Blues Traveler’s new Blow Up The Moon album filled with guest collaborations

”We just wrapped up recording the new album,” reads a message from Blues Traveler on the band’s PledgeMusic.com page. “We’re chomping at the bit to let you in on it as it came out great, and we got to collaborate with some incredible artists, like Thompson Square, Plain White T’s, 3OH!3, Hanson, Jewel, Secondhand Serenade, Dirty Heads and Rome Ramirez (Sublime), JC Chasez (NSYNC), Bowling for Soup, New Hollow and Thomas Ian Nicholas.” The latest project is Blow Up The Moon, which is now available on indie label Loud & Proud Records. The band adds, “We also filmed the whole thing … Thank you for your support over the past 27 years!”

Blues Traveler is best known for its aptly titled fourth studio album, Four, which appeared in September 1994. The album yielded the breakthrough monster hit ‘Run-Around,’ peaking at No. 8 on the Billboard Hot 100 and No. 4 on Billboard’s Adult Contemporary chart. The song also went on to win the 1996 Grammy Award for Best Rock Performance by a Duo or Group, and Four has gone six-times platinum to date.

Blow Up The Moon marks the band’s 20th anniversary since Blues Traveler broke out in 1995. The 14-song repertoire represents country, pop, reggae, and hip hop. The diverse mix of guest artists helped Blues Traveler expand its musical palette, while “holding on to its foundation presenting innovative rock n roll.” The new album opens with ‘Hurricane Blues’ and the title track, both featuring 3OH!3 and the latter including JC Chasez of ‘NSync. Dirty Heads and Rome Ramirez appear on ‘Castaway’ and ‘Vagabond Blues,’ and Hanson joins the band for ‘Top of the World.’

Plain White T’s show up on the track ‘Nikkia's Prom,’ and country duo Thompson Square help out on ‘Matador’ and ‘I Can Still Feel You.’ SoCal rock band Secondhand Serenade is the guest on ‘The Darkness We All Need,’ rock trio New Hollow appears on ‘Jackie's Baby,’ and award-winning country-folk artist Jewel contributes vocals for ‘Hearts Are Still Awake.’ Pop-punk band Bowling for Soup highlights ‘I Know Right’ and ‘Right Here Waiting For You,’ and Blow Up The Moon closes with ‘All The Way’ featuring actor-singer Thomas Ian Nicholas.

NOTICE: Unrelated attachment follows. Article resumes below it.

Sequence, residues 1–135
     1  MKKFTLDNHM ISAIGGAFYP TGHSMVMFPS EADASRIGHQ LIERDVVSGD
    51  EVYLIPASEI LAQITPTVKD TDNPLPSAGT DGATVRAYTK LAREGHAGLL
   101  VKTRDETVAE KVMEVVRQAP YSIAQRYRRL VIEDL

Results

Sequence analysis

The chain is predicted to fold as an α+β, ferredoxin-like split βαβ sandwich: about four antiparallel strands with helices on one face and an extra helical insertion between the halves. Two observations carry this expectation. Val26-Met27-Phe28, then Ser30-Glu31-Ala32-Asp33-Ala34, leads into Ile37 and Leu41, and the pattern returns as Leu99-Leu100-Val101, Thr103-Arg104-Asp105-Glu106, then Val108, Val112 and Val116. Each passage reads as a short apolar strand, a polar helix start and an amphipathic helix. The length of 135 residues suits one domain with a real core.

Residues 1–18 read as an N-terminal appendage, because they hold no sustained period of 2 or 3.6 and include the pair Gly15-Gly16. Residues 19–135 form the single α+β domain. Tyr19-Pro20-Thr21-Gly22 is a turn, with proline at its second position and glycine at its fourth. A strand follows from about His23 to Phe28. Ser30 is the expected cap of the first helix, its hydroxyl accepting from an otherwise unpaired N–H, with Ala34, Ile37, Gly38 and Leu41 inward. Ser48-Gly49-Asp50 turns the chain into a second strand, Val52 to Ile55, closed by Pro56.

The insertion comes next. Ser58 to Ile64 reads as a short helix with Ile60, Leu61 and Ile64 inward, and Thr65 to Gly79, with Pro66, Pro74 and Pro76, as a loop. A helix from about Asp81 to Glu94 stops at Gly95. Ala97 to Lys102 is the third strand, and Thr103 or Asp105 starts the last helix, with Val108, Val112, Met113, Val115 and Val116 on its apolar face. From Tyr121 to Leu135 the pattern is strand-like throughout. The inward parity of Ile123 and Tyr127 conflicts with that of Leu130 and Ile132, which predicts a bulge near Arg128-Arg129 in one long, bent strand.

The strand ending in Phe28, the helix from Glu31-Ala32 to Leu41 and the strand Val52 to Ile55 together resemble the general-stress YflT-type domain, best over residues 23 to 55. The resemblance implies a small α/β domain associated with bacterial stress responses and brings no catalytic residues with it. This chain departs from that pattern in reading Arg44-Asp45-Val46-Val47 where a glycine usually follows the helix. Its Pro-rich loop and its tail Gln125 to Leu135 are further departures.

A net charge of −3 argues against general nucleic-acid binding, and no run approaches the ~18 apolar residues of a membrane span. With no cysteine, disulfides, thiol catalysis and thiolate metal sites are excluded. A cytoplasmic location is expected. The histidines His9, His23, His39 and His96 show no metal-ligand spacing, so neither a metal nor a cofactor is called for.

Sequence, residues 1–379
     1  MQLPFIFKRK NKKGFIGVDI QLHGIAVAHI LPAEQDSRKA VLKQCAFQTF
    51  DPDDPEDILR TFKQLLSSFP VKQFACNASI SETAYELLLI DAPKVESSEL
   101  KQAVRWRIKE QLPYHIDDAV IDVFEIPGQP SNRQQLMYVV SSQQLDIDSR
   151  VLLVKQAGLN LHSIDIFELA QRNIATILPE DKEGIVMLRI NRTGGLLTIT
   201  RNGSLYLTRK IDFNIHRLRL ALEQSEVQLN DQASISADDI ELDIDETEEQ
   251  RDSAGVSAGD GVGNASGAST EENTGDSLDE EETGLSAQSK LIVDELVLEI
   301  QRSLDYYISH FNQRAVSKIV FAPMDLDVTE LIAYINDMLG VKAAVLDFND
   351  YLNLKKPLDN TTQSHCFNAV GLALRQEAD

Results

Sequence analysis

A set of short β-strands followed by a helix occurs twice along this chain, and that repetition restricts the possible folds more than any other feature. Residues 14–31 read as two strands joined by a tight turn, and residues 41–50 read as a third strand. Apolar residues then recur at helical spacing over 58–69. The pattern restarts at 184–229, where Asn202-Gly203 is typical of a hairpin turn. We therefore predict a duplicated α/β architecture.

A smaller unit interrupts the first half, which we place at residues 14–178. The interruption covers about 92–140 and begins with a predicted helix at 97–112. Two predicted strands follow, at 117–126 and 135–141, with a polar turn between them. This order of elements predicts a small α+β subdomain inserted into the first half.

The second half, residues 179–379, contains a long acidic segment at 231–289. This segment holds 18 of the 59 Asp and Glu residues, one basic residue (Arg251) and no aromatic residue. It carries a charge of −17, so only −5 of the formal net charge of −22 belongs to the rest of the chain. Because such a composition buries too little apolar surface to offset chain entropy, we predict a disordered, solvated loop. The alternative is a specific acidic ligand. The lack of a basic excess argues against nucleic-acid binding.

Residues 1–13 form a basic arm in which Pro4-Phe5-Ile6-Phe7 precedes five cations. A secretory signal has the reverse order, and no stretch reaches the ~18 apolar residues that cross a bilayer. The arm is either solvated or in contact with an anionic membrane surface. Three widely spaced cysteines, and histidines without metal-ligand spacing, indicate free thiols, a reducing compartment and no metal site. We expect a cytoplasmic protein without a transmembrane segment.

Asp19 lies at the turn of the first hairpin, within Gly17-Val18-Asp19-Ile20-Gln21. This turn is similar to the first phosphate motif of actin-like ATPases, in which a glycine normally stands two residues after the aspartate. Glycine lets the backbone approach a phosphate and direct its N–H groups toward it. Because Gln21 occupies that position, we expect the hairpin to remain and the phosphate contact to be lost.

“We were desperate to find some kind of way to change out functionality,” Popper tells Billboard. “My mentor Jono Manson suggested we do collaborations. We worked with professional songwriters [Ron Sexsmith, Carrie Rodriguez] on the last album [2012’s Suzie Cracks the Whip]. This album became an extension of that process of working with people we never worked with before. They appreciate you in ways you can’t appreciate yourself. The band took to it like ducks in water,” he says.

Blues Traveler once kept up an average touring pace of 250 shows per year, entertaining some 30 million fans in performing 6,000 live shows and selling more than 13 million records. Upcoming appearances include concerts in Annapolis, Md. (May 12), Charleston, W.Va. (May 15), Englewood, N.J. (May 17), Leesburg, Va. (May 19), Ridgefield, Conn. (May 22), Wilkes Barre, Pa. (May 23), and Anchorage, Alaska (May 30). Billboard reports the band also plans to join 311 on July 9 at an outdoor venue near Clarkston, Mich., in a one-off revival of the Horizons of the Rock Developing Everywhere (HORDE) tour that was originated by Blues Traveler in the early ‘90s.

Watch Blues Traveler and Hanson perform the track ‘Top of the World,’ one of the featured collaborations on Blow Up The Moon.




As A Matter of Fact…

* Blues Traveler is a New York-based, blues-rock quartet that was formed in 1988 by singer-harmonica player John Popper, guitarist Chan Kinchla, bassist Bobby Sheehan, and drummer Brendan Hill. The band moved from the New Jersey suburbs to New York City in the late 1980s.

* The band shared bills with groups including Spin Doctors and Phish, founded the HORDE festival, and pioneered the subsequent “neo-hippie jam music” that revived the extended jamming style of classic rock artists such as the Grateful Dead and Led Zeppelin.

* The late Bill Graham—the renowned promoter who booked legendary rock acts in his Fillmore and Winterland Arena venues—initially represented Blues Traveler and helped the band land a deal with A&M Records.

* The group’s 1990 self-titled debut went gold, but Blues Traveler’s rise was temporarily halted in 1992 when Popper was involved in a near-fatal motorcycle accident. He was forced to tour for the next two years in a wheelchair.

* Blues Traveler's fourth album, aptly titled Four, appeared in September 1994 and yielded the breakthrough hits ‘Run-Around’ and ‘Hook.’ ‘Run-Around’ won the 1996 Grammy Award for Best Rock Performance by a Duo or Group, and after spending nearly a year on the album charts, Four reached quintuple platinum sales status.

* Blues Traveler released two live sets in 1996 (Live from the Fall) and 1997 (Straight on Till Morning). In 1999, Popper released his debut solo album, Zygote, and the band was rocked by the news that 31-year-old bassist Bobby Sheehan was found dead in his New Orleans home.

* A newly charged Blues Traveler began the new century with sixth record Bridge (2001), followed by the live set What You and I Have Been Through. Additional studio output during the period included Truth Be Told (2003), Bastardos! (2005), the all-acoustic covers album Cover Yourself (2007), and North Hollywood Shootout (2008).

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